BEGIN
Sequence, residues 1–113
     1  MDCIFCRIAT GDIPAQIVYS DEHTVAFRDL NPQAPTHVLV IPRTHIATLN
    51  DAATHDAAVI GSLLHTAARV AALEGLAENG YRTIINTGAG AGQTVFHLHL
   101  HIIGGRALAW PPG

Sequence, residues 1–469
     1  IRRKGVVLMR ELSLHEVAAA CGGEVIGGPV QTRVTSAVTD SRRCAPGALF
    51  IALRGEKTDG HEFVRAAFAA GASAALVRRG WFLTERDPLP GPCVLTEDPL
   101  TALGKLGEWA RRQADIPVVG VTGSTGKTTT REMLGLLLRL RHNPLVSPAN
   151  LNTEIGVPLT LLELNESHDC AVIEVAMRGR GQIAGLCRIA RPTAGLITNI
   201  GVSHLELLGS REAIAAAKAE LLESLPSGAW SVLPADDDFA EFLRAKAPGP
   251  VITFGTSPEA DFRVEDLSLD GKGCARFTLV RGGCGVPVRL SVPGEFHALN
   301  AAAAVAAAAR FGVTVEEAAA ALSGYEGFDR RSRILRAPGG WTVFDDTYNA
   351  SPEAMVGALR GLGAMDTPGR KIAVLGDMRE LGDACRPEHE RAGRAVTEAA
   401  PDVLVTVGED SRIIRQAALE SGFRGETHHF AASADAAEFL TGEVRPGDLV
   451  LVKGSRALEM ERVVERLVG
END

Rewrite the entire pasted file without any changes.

Sequence, residues 1–113
     1  MDCIFCRIAT GDIPAQIVYS DEHTVAFRDL NPQAPTHVLV IPRTHIATLN
    51  DAATHDAAVI GSLLHTAARV AALEGLAENG YRTIINTGAG AGQTVFHLHL
   101  HIIGGRALAW PPG

Sequence, residues 1–469
     1  IRRKGVVLMR ELSLHEVAAA CGGEVIGGPV QTRVTSAVTD SRRCAPGALF
    51  IALRGEKTDG HEFVRAAFAA GASAALVRRG WFLTERDPLP GPCVLTEDPL
   101  TALGKLGEWA RRQADIPVVG VTGSTGKTTT REMLGLLLRL RHNPLVSPAN
   151  LNTEIGVPLT LLELNESHDC AVIEVAMRGR GQIAGLCRIA RPTAGLITNI
   201  GVSHLELLGS REAIAAAKAE LLESLPSGAW SVLPADDDFA EFLRAKAPGP
   251  VITFGTSPEA DFRVEDLSLD GKGCARFTLV RGGCGVPVRL SVPGEFHALN
   301  AAAAVAAAAR FGVTVEEAAA ALSGYEGFDR RSRILRAPGG WTVFDDTYNA
   351  SPEAMVGALR GLGAMDTPGR KIAVLGDMRE LGDACRPEHE RAGRAVTEAA
   401  PDVLVTVGED SRIIRQAALE SGFRGETHHF AASADAAEFL TGEVRPGDLV
   451  LVKGSRALEM ERVVERLVG